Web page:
Julie Hyman·AnchorFri, February 19, 2021, 7:18 PM·2 min read
(Yahoo Finance) – The enthusiasm over bitcoin’s rise this year has fed on itself, drawing in new investors and sending the price ever higher. But that enthusiasm — ebullience, even — may also present the cryptocurrency’s current biggest risk.
Part, if not all, of bitcoin’s (BTC-USD) appeal for many investors is that it’s seen as a store of value. That is, it has value because it’s perceived to have value. While longtime bitcoin buyers may believe the cryptocurrency will become a valid alternative currency, or that blockchain is a technology that will fundamentally change the world in various ways, many other buyers — particularly recent ones — are getting in for a simple reason: it keeps going up.
“Sentiment translates into demand, and demand dictates shifts in the market. Sentiment around bitcoin has never been this ebullient,” said Meltem Demirors, chief strategy officer at digital asset manager CoinShares, in an interview with Yahoo Finance Live.
That sentiment is evident in bitcoin’s price, which rose above $52,000 this week — a record. That puts its one-year return at more than 400%, and its gain in 2021 alone at more than 75%. It’s also evident in the number of new entrants, now at a record 35.6 million bitcoin addresses (those receiving or sending bitcoin) in January, according to The Block/Glassnode. Bitcoin saw inflows of $367 million in the week ended Feb. 15, according to CoinShares data.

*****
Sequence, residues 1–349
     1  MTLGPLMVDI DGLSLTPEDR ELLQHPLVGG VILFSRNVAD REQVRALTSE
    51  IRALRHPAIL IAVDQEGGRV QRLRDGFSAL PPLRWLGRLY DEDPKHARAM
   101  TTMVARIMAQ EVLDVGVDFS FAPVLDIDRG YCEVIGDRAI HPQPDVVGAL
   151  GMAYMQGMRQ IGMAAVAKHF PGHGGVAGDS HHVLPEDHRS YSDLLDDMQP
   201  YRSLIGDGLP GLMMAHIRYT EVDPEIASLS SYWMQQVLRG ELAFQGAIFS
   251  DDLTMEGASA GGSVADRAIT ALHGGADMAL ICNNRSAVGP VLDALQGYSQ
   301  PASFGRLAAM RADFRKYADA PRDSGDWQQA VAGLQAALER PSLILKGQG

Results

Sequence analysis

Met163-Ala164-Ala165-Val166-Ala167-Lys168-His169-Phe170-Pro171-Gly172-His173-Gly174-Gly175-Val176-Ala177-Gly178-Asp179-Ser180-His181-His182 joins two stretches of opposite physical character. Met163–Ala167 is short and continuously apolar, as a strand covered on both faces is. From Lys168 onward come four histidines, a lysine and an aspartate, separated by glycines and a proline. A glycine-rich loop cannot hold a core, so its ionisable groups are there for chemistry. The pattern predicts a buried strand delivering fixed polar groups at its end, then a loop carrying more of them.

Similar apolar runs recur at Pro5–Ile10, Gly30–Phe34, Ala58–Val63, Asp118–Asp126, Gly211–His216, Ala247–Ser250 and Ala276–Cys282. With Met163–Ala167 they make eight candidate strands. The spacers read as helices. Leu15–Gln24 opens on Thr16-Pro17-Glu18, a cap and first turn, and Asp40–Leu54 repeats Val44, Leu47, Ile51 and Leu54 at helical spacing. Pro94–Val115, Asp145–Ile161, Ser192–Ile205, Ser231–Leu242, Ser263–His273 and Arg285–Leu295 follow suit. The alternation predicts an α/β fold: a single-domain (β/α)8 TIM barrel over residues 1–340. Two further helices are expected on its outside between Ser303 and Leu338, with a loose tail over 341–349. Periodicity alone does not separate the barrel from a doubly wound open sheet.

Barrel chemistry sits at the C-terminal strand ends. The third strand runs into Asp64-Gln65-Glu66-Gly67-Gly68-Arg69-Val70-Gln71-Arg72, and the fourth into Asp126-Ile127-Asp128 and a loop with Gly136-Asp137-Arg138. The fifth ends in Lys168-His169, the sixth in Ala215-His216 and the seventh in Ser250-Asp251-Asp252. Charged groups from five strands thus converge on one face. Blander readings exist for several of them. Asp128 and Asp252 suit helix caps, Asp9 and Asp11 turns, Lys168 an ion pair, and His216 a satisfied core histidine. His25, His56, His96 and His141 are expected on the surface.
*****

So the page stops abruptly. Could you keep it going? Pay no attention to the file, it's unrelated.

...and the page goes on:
But the higher bitcoin gets, the more the fear-of-missing-out trade catches fire. Risk-taking behavior might ensue, causing a risk in and of itself.
“My primary concern is the market, when it gets overheated, does tend to become ebullient, and we see a lot of leverage, and the cost of capital becomes expensive,” Demirors said. “Whenever leverage is taken out of the market, we see more drawdowns, which drives fear.”
Bitcoin investors, of course, have been here before, most dramatically at the end of 2017 when the cryptocurrency crashed to $4,000 in December from a then-record of more than $19,000 to less than $14,000 in the span of a week. Even if they don’t believe that crash will be repeated, its memory looms large, and has cemented bitcoin’s reputation as a volatile instrument.
While there hasn’t been a drop of the same magnitude, bitcoin did pull back from a high of around $40,000 in early January and touched below $30,000 a couple of weeks later before rebounding.
That volatility also remains a risk in the eyes of JPMorgan strategists, who earlier this week said bitcoin’s rally would be unsustainable unless price swings calm down.
Julie Hyman is the co-anchor of Yahoo Finance Live, weekdays 9am-11am ET.